Whether you are on WordPress or another platform, and especially if you have a food blog, you should expect to spend some time reformatting your existing posts within the new design. You’ll want to be sure you have featured images set for each post (featured images show up in the archives, search results, and related posts areas, for example), as well as moving your recipe information into the appropriate fields. For clients moving from Blogger, we also recommend cleaning up the cruft code that Blogger leaves behind. This can be time consuming, so prepare yourself; but you don’t necessarily have to redo all your posts before the site can be launched. Any older/unformatted posts will still be readable and accessible; they just won’t have the fancy features and bells and whistles that newer posts have.
SEO is not a specific service we offer. You can pay tens of thousands of dollars for SEO “optimization” with no guarantee of results, and we’re not ones to cash in on such shenanegans. However, do know that your new site will be built to current web standards and with SEO in mind; no part of the design will impede your SEO potential.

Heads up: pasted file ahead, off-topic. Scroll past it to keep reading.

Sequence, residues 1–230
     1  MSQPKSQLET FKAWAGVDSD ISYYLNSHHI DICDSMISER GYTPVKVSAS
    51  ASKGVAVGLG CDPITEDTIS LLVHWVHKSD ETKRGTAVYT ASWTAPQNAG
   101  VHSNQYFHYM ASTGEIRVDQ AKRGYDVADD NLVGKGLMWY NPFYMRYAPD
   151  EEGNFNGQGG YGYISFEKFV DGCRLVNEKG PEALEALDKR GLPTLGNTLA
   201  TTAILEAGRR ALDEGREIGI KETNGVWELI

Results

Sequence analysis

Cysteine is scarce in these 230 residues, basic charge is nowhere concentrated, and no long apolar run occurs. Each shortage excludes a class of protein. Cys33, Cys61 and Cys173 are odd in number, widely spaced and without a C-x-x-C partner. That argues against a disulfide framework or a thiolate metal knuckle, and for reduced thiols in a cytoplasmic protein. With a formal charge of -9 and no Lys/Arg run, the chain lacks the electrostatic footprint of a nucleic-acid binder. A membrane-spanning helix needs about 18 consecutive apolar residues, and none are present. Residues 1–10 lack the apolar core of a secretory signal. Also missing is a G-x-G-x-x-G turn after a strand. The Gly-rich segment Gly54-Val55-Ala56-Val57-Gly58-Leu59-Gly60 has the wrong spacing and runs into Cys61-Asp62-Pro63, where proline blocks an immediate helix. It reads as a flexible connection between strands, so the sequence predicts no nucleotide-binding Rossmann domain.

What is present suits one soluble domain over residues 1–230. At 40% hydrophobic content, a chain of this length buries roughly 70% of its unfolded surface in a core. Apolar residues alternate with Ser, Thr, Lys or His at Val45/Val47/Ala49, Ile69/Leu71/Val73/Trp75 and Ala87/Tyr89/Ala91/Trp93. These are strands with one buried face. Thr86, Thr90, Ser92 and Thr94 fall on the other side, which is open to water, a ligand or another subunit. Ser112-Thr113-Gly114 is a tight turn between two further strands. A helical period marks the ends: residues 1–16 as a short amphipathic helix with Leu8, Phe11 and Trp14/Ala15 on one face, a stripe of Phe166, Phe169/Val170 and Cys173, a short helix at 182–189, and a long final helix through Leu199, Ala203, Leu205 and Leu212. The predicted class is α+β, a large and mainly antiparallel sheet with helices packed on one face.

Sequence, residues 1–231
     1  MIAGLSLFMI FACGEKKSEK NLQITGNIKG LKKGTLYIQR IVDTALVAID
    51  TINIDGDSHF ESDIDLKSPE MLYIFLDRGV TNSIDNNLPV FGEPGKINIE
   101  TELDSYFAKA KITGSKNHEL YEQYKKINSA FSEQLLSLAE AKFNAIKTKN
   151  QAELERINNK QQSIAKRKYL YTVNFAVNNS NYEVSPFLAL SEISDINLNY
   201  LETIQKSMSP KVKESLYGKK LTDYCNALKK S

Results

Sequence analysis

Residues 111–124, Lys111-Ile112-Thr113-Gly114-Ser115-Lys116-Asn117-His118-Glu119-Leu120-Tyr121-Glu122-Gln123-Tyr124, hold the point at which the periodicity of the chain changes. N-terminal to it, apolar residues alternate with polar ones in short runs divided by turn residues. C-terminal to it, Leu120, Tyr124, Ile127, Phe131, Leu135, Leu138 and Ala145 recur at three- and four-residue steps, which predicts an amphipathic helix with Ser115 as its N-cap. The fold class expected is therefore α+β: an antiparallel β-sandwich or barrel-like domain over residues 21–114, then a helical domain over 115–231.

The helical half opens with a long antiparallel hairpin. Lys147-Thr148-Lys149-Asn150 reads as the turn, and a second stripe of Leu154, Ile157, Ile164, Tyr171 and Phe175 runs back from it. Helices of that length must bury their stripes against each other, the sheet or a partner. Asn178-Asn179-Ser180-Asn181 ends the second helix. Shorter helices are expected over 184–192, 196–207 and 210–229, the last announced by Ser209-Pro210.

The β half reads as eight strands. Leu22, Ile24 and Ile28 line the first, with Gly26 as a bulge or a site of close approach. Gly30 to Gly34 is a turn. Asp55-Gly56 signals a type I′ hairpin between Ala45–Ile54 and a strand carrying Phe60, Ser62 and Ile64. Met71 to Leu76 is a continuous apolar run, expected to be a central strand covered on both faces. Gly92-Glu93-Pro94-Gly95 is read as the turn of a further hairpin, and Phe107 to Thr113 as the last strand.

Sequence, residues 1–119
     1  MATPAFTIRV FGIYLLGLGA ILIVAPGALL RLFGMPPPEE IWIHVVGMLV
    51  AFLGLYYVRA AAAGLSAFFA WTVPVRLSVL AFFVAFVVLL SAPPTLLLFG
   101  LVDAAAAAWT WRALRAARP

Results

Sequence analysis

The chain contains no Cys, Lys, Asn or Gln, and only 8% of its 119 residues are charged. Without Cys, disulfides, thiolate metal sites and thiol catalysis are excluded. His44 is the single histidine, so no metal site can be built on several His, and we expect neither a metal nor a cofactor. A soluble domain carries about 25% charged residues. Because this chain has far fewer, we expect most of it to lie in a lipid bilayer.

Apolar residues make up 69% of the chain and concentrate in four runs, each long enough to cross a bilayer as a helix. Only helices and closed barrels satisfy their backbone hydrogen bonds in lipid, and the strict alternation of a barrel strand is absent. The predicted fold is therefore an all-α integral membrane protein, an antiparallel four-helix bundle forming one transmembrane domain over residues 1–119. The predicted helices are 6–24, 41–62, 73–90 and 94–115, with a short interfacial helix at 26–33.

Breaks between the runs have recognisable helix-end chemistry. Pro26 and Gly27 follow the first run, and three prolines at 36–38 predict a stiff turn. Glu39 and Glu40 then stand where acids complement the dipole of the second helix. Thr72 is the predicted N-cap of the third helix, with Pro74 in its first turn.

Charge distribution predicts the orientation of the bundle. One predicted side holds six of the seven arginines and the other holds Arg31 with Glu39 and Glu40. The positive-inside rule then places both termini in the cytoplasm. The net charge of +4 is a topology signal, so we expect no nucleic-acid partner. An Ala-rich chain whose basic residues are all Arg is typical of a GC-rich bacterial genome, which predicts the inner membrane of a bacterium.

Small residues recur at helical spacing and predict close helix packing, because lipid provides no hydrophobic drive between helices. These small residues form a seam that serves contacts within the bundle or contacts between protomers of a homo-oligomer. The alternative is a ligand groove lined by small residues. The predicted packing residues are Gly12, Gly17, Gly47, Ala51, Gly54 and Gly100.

WordPress on it’s own is a very SEO-friendly platform. By simply producing quality content, establishing external links and credibility, with some time and patience you will get indexed. But if you want additional SEO considerations, we can install a plugin to give you additional meta fields (keywords, description, etc) for your posts.
Our recipe functionality by default is set to Google’s new hrecipe standards (including Pinterest’s Rich Pins), and includes the basic code necessary to have your recipes indexed. We also provide you with a link to more in-depth code samples and declarations if you’d like to take it further, but this is not required.
With the growing prevalence of web-ready mobile devices, you want to be sure your site can be accessed and is functional on these devices. We build all our sites to be perfectly functional on mobile devices. We do not utilize Flash or any other technology that would cause problems. Your site will appear exactly as it does on any modern computer without any special considerations.